9van de Griendt et al[8], 2012BMIOne hundred twelve obese children 8.5-18.9 yo, taking part in a multidisciplinary treatment programme.FEV1 and FVC increased by 2.91% and 3.08% after weight reduction following a 6 mo intervention program and this increase was significant. No significant change was observed in MEF50
10Paralikar et al[38], 2012WCThirty obese boys 12-17 yo and 30 age-matched normal-weight boysFEV1, FEV1/FVC and MVV were significantly decreased in the obese group
11Bekkers et al[20], 2013BMI, WCChildren from a birth cohort (n = 1058) examined at the age of 8 yoLarge WC in girls was associated with lower FEV1 /FVC ratio
12Davidson et al[12], 2013BMIThree hundred twenty-seven children 6-17 yo referred for lung testing due to various respiratory problems. Individuals with cardiopulmonary, chest wall disease, or asthma, were excludedPositive relationship between BMI z-score and percent predicted FVC, and VC. Negative relationship between BMI z-score and FRC, ERV, RV, and FEV1/FVC
13Han et al[17], 2014BMI, PBF, WCCross-sectional study in 2681 children 6-17 yoAmong children without asthma, BMI, PBF, and WC were associated with higher FEV1 and FVC, and lower FEV1/FVC
14Khan et al[39], 2014BMI, WC, WHR, skinfold measurementsA sample of 1583 children, < 18 yo. No data on asthma diagnosis was providedOverweight/obese boys, had WC and WHR inversely associated with residual FVC, FEV0.75, and FEV1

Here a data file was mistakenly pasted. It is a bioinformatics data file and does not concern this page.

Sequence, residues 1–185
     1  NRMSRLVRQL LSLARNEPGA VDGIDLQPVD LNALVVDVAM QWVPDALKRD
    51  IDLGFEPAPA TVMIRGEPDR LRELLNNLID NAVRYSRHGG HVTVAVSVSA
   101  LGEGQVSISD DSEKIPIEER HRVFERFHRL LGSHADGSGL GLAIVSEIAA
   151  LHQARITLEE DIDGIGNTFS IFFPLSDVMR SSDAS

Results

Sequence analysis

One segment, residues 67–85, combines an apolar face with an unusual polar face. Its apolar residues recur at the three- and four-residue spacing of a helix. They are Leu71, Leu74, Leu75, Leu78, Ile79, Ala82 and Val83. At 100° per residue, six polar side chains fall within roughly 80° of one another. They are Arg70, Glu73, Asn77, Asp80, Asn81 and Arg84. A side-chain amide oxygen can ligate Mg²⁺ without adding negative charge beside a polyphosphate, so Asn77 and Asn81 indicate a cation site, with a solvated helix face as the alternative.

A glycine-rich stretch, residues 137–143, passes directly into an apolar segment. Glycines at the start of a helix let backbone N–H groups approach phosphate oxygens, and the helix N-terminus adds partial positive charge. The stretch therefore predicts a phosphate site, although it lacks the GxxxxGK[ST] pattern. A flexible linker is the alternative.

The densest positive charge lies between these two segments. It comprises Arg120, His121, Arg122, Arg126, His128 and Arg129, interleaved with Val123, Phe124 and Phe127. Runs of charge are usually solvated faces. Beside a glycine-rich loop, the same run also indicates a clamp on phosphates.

15Rastogi et al[11], 2014BMIA sample of 168 adolescents, 13-18 yo, irrespective of asthma statusObese adolescents had lower RV, RV/TLC ratio, ERV, and FRC, and higher IC adolescents; the 2 groups did not differ in measures of lower airway obstruction, namely FEV1/FVC, and MEF
16Torun et al[40], 2014BMIA cross-sectional study of 30 overweight, 34 obese and 64 morbidly obese children, 9-17 yo, referred to a paediatric endocrinology dept. Asthmatic patients were excluded from the studyPEF and FEV25–75 were significantly reduced in in the overweight, obese and morbidly obese children
17Bekkers et al[41], 2015BMI, WCChildren from a birth cohort examined at the ages of 8 yo (n = 1090) and 12 yo (n = 1288)At 8 yo, large WC was associated with lower FEV1/FVC after adjusting for BMI (only in girls)
18Kongkiattikul et al[10], 2015BMI, FMI, body fat percentage, truncal fat percentage, mean fat free mass indexForty-five obese children, 8-18 yoNegative correlation between FRC and almost all obesity indices
19Cibella et al[14], 2015BMIA cross-sectional study of 2393 healthy children 10-17 yo. Children with asthma were excludedFVC and FEV1 were positively but disproportionately correlated to weight. FEV1/FVC and FEF25-75%/FVC ratios were negatively correlated to weight
20Costa Junior et al[42], 2016BMI, WC, body composition (tetrapolar bioimpedance)A cross-sectional study of 40 obese and 35 normal-weight children, 6-10 yo. Children with respiratory problems were excludedObese children had lower FEV1 and FEV1/FVC
21Liyanage et al[13], 2016BMIA cross-sectional study of 55 obese and 220 normal-weight children, 9-15 yo. Children with asthma were excludedNo significant difference in spirometric values
22Akin et al[43], 2017BMI, WC, neck circumferenceA cross-sectional study of 178 children, 5 to 15 yo. Children with asthma were excludedNegative correlation between FEV1, FEV1/FVC, and obesity indices
23Yao et al[15], 2017BMI1717 children, 5 to 18 yo, irrespective of asthma statusBMI is associated positively with FVC, FEV1, and PEF, and FEF25-75, but negatively with FEV1/FVC